The bundle includes a pair of kits up on GitHub: first, Blizzard's machine learning API, which has Linux tools for the first time, and then an open source version of the DeepMind toolset called PySC2. Blizzard also provided some extra goodies, like a dataset of anonymized 1v1 game replays for programmers to parse through, along with sample code and some sample bots. DeepMind also provided a white paper for reference.
Why StarCraft II? As the DeepMind post explains, when you take into account how many choices need to be made in sequence, there are millions of actions that can be taken at any given time. That's a lot of room to train your AI:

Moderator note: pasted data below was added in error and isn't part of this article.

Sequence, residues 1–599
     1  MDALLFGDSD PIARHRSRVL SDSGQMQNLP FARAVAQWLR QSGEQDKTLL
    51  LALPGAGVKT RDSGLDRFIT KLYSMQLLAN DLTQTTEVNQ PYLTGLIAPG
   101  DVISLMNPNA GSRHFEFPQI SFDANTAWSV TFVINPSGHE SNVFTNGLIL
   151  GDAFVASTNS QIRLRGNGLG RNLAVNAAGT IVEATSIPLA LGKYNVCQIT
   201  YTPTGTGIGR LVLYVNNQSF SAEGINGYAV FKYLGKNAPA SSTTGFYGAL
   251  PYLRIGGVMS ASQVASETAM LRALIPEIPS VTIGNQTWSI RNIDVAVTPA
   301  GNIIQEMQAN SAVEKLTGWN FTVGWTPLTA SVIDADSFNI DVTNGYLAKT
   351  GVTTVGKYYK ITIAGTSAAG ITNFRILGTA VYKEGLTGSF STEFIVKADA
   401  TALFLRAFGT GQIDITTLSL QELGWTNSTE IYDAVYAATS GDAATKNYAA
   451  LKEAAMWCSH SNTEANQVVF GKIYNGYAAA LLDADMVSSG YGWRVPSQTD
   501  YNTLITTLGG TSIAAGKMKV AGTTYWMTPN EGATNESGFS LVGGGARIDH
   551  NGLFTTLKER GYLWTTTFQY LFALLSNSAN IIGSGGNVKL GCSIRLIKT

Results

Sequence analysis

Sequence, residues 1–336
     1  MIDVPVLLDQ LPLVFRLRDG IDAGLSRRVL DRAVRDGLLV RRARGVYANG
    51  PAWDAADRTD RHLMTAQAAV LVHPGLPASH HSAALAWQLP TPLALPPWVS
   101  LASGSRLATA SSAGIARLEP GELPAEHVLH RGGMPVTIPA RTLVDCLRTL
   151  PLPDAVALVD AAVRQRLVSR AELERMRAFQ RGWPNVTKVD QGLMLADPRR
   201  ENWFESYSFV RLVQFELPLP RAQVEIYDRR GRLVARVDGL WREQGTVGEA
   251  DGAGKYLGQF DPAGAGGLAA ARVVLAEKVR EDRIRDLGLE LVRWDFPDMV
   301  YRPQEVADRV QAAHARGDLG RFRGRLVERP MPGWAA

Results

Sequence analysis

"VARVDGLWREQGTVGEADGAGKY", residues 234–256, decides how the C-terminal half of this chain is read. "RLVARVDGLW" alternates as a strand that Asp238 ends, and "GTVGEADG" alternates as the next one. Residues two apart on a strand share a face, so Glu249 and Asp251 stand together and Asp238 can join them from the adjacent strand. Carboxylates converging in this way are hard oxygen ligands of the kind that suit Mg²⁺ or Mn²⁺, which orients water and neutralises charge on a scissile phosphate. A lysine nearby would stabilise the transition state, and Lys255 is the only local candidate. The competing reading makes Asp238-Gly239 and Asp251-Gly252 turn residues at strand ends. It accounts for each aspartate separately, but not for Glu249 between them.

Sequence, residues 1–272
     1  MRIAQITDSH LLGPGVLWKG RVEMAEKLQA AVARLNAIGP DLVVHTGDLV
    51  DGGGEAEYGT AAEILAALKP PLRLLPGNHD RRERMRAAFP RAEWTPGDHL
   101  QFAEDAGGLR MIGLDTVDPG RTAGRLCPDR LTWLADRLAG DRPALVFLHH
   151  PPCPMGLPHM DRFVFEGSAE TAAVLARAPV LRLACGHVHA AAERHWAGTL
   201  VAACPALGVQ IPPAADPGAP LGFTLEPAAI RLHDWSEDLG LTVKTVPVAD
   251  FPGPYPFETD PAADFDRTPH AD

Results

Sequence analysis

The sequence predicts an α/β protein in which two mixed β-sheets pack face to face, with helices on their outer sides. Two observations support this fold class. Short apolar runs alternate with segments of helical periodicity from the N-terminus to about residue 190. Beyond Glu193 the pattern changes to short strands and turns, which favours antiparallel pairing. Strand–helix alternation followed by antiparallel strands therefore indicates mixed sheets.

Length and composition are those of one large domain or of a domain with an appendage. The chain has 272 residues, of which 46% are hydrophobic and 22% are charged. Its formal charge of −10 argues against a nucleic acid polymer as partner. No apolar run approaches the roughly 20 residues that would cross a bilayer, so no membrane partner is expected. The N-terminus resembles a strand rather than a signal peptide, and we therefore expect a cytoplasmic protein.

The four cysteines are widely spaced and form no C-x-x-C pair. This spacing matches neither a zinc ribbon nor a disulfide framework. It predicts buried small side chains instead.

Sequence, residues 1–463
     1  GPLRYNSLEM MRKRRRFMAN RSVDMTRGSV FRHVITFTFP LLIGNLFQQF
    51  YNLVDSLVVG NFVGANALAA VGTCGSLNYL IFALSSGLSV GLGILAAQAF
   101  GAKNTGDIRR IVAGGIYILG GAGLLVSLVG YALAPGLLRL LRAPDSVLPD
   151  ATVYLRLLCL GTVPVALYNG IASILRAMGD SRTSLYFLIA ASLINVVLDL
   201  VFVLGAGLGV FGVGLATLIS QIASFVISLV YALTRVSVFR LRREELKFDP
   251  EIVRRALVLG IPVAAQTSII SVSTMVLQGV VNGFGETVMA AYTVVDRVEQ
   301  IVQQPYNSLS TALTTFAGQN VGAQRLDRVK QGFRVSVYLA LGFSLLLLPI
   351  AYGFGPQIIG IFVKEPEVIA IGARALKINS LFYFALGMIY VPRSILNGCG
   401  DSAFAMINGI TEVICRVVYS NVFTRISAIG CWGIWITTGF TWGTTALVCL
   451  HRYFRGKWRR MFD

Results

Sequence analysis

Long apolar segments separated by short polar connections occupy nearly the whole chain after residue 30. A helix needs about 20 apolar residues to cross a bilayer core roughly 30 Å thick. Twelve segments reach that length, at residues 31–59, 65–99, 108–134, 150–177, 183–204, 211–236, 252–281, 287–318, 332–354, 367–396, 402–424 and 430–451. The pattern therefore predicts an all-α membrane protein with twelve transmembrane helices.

"Even StarCraft's action space presents a challenge with a choice of more than 300 basic actions that can be taken. Contrast this with Atari games, which only have about 10 (e.g. up, down, left, right etc). On top of this, actions in StarCraft are hierarchical, can be modified and augmented, with many of them requiring a point on the screen. Even assuming a small screen size of 84x84 there are roughly 100 million possible actions available."